I have come to fall in love with teaching in Catholic schools. What are YOU in love with?...

"Nothing is more practical than finding God, that is, than falling in love in a quite absolute, final way. What you are in love with, what seizes your imagination, will affect everything. It will decide what will get you out of bed in the morning, what you will do with your evenings, how you will spend your weekends, what you read, who you know, what breaks your heart, and what amazes you with joy and gratitude. Fall in love, stay in love, and it will decide everything." - Pedro Arrupe

Monday, December 28, 2015

The Good, the Bad, and the Ugly - A Book Round-Up for 2015

Maybe that's a bit dramatic - none of the books I read were what you might call "ugly," and there really weren't too many "bad" ones in the bunch either. Were there some I liked better than others? Absolutely. Were there some I chose versus some I was "forced" to read? Yeah... As a middle school LA teacher, I don't always get to choose my content, you know what I mean?

Here's my list - 32 strong! (Not that quantity matters - it's all about quality in my book...) -->

1) "The Hobbit" (finished 1/1/15) - Fantasy (for school)
2) "Moon Over Manifest" (1/17/15) - Historical YA Fiction
3) "Eight Keys" (2/2/15) - Realistic YA Fiction
4) "Lord of the Rings: Fellowship of the Ring" (4/19/15) - Fantasy
5) "Elephant Talk" (4/25/15) - Nonfiction (for school)
6) "Into the Unknown" (4/25/15) - Nonfiction (for school)
7) "Shooting Kabul" (5/13/15) - Historical YA Fiction (for school)
8) "The Cay" (5/17/15) - Historical YA Fiction (for school)
9) "Fish in a Tree" (5/23/15) - Realistic YA Fiction
10) "Under the Egg" (5/25/15) - Historical YA Fiction
11) "Data Wise" (6/13/15) - Professional Development
12) "Brown Girl Dreaming" (6/14/15) - Memoir/Poetry
13) "The Return of the Prodigal Son" (7/6/15) - Spiritual/Religious Nonfiction
14) "Paper Things" (7/12/15) - Realistic YA Fiction
15) "One for the Murphys" (7/24/15) - Realistic YA Fiction
16) "Real Kids, Real Stories, Real Change" (7/25/15) - Nonfiction YA (for school)
17) "Crenshaw" (7/25/15) - YA Fiction
18) "Teaching Reading in Middle School" (7/27/15) - Professional Development
19) "Sondheim: The Man Who Changed Musical Theater" (7/28/15) - Nonfiction YA
20) "In Defense of Read Aloud" (7/28/15) - Professional Development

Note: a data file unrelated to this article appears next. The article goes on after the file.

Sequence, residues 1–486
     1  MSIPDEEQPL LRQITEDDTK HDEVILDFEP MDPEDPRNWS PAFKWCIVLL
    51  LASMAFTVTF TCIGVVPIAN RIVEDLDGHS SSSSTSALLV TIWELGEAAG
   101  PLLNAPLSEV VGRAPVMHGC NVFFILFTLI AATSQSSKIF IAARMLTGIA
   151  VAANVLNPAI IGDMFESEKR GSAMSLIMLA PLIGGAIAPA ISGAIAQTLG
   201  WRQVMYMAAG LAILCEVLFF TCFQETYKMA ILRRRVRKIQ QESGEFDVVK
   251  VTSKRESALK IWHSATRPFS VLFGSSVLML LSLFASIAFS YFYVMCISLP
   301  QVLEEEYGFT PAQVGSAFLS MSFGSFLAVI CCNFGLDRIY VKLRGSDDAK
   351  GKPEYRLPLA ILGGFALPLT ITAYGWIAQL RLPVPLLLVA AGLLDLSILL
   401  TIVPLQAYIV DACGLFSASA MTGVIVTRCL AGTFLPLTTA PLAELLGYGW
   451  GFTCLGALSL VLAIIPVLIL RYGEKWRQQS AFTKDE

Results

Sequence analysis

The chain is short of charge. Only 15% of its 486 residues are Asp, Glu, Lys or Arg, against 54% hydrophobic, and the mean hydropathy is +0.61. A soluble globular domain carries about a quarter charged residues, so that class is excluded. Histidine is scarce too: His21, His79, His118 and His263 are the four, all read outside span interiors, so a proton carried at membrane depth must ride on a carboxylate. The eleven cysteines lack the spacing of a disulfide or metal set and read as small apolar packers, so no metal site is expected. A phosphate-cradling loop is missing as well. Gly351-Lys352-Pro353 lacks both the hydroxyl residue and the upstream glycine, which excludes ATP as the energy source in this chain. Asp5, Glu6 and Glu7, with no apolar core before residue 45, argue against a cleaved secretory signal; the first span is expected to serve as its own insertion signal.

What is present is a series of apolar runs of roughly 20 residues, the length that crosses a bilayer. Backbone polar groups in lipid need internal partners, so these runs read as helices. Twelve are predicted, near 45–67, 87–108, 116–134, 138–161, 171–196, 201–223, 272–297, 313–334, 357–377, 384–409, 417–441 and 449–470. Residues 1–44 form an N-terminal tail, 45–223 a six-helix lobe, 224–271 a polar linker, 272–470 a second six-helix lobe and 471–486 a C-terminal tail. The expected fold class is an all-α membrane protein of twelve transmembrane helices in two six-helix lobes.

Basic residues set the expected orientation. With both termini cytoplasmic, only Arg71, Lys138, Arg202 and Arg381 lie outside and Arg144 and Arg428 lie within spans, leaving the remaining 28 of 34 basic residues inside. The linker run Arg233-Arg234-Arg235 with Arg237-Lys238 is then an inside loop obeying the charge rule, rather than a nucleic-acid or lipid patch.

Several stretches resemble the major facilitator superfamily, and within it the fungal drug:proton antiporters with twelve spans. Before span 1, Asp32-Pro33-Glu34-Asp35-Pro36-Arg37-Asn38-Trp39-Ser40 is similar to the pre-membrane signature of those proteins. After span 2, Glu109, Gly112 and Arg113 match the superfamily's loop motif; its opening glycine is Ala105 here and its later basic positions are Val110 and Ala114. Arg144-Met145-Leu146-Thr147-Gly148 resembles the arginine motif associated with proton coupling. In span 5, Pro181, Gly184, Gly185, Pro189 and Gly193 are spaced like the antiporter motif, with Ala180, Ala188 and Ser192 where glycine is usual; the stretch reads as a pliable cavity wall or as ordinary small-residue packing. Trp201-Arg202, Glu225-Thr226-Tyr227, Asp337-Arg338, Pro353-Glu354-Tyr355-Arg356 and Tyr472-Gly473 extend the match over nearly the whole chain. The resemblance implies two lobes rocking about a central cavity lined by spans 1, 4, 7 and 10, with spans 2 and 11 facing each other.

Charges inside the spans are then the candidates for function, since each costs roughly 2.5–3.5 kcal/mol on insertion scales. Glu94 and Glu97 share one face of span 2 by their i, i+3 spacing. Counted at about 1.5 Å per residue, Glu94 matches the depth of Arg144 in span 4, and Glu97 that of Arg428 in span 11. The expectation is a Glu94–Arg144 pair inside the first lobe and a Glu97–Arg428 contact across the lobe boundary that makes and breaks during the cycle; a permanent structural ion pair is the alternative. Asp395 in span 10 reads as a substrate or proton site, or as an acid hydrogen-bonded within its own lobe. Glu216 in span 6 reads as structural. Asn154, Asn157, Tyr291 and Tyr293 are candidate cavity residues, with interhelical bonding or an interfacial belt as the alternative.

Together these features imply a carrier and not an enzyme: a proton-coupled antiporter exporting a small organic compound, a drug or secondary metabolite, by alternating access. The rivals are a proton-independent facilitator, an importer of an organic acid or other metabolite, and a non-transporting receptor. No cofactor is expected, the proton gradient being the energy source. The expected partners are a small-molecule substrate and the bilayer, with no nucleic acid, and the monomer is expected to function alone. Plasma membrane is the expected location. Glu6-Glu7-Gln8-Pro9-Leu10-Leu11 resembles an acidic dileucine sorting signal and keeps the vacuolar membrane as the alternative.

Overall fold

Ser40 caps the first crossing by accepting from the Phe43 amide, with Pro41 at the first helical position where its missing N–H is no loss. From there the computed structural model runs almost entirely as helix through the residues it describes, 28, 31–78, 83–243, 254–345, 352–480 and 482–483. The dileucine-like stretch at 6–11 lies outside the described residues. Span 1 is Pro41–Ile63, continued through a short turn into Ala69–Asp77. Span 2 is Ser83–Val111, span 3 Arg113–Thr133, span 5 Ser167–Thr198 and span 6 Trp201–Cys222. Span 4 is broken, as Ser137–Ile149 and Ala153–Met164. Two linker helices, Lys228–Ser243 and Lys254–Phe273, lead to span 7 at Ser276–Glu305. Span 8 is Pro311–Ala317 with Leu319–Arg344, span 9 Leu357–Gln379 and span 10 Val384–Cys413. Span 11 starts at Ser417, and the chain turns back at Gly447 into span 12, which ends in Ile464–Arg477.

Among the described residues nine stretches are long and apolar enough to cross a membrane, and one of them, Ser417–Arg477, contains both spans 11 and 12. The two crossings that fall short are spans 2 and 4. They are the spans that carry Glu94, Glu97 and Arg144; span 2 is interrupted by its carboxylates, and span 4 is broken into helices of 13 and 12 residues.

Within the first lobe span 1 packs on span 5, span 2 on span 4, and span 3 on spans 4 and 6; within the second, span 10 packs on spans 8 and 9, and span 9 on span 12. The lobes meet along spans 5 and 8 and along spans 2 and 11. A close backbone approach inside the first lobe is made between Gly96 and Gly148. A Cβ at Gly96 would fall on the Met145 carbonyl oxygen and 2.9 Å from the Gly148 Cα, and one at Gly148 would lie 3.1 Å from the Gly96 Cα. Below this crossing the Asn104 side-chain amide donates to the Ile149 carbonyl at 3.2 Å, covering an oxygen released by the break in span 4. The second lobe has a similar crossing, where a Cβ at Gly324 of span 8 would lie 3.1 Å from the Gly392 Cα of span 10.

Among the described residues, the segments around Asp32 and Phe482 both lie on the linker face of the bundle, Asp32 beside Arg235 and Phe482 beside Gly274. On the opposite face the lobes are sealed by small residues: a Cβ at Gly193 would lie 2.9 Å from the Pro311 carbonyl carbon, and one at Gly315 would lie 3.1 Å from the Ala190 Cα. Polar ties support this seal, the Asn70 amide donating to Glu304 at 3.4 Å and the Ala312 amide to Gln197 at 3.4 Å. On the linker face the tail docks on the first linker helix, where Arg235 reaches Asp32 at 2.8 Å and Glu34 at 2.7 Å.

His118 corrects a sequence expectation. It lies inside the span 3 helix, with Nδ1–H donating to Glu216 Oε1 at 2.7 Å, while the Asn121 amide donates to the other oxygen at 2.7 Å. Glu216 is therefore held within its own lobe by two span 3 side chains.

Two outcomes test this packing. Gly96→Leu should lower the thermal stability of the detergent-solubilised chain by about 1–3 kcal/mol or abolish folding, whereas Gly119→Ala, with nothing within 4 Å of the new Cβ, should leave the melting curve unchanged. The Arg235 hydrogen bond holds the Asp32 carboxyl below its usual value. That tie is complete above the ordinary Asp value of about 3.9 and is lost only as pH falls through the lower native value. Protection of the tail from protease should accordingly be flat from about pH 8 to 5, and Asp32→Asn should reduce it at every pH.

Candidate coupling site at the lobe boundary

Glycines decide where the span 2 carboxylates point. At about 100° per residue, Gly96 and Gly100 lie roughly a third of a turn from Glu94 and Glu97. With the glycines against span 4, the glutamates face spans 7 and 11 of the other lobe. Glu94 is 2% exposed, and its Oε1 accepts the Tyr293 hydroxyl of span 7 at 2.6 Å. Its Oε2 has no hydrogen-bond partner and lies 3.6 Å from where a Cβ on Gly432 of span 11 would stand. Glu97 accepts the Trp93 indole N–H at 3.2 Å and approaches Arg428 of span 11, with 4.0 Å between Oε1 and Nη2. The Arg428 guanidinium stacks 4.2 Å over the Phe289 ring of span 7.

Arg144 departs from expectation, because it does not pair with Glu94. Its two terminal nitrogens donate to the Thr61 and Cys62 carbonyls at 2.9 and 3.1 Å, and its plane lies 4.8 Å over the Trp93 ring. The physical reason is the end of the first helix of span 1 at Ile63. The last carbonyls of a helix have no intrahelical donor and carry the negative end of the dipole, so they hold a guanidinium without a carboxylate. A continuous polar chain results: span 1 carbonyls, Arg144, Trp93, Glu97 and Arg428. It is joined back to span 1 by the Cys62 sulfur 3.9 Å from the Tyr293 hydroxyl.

21) "Echo" (7/29/15) - Historical YA Fiction
22) "Stargirl" (7/30/15) - Realistic YA Fiction
23) "The Classroom Management Book" (7/31/15) - Professional Development
24) "Be Always Little: Christian Fables for Young and Old" (8/3/15) - Spiritual
25) "Small as an Elephant" (8/5/15) - Realistic YA Fiction
26) "Escape from Mr Lemoncello's Library" (8/22/15) - Mystery YA
27) "Stella by Starlight" (9/10/15) - Historical YA Fiction
28) "Unbroken" (audio) (10/25/15) - Nonfiction
29) "The Magic Strings of Frankie Presto" (11/23/15) - Fiction (with historical figures)
30) "I Will Always Write Back: How One Letter Changed Two Lives" (11/28/15) - memoir (dual) YA nonfiction
31) "The Hobbit" (12/14/15) - Fantasy (for school --> re-read)
32) "Just Mercy" (12/27/15) - Nonfiction

(Technically, the titles listed should all be underlined or italicized, but I kept this list on my phone, and I didn't really have the energy (or patience) to go back and change them all. I apologize to all of you grammar lovers out there.)

Now, I would award the books I read as follows (not that my awards matter - it's more fun this way, though):

BEST OVERALL ADULT READ: Just Mercy by Bryan Stevenson (a story about the corruption within the US prison & judicial systems as well as one man's fight to bring justice)

BEST OVERALL YA READ: Stargirl by Jerry Spinelli (a story about being true to yourself and the effects of peer pressure/group acceptance in a high school setting)

MOST MEMORABLE READ: The Magic Strings of Frankie Presto by Mitch Albom (a fictional story of a musician set within the context of real world events; told from the perspective of music as the narrator)

MOST LIFE-CHANGING/APPLICABLE TO LIFE: The Return of the Prodigal Son by Henri Nouwen (a wonderful read about mercy and multiple perspectives on the oft-heard Bible passage)

Some other highlights (or comments of note):

*I enjoyed Lord of the Rings #1 more than I thought I would. I was interested in reading the second book in the trilogy, but I felt I could not commit another two months (which is the length of time it took me to read book 1) to it at the time. Maybe one day I will finish the trilogy and finally see the movies!

*A number of the books I read hold potential for teachers to use as read alouds or books studies to draw attention to issues such as homelessness (Crenshaw, Paper Things), poverty & current events (I Will Always Write Back), and being true to oneself/accepting others who are different (Stargirl, Paper Things). One for the Murphys deals with going through the foster care system, and Fish in a Tree gives light to the idea that all children have different gifts and learn in different ways.

*I remembered reading The Cay in 6th grade, so I obtained copies for students to read in our historical fiction unit this spring. I firmly believe that every middle school student should read this book because of how it deals with prejudice, courage, and hope.

*Echo was amazingly crafted by Pam Munoz Ryan - the way she wove all the stories together so seamlessly left me in awe. Though it is a long read, it is worth your time!

*Unbroken blew my mind - Hearing about the torture and various events Louis Zamperini lived through and how faith ultimately saved his life was very inspiring.

As you might guess, I could go on and on, but, unfortunately, I still have quite a bit of student work to grade and some lesson planning to accomplish, so I must bring this year-end book review to its close.

I hope the new year brings many more incredible books my way and yours!

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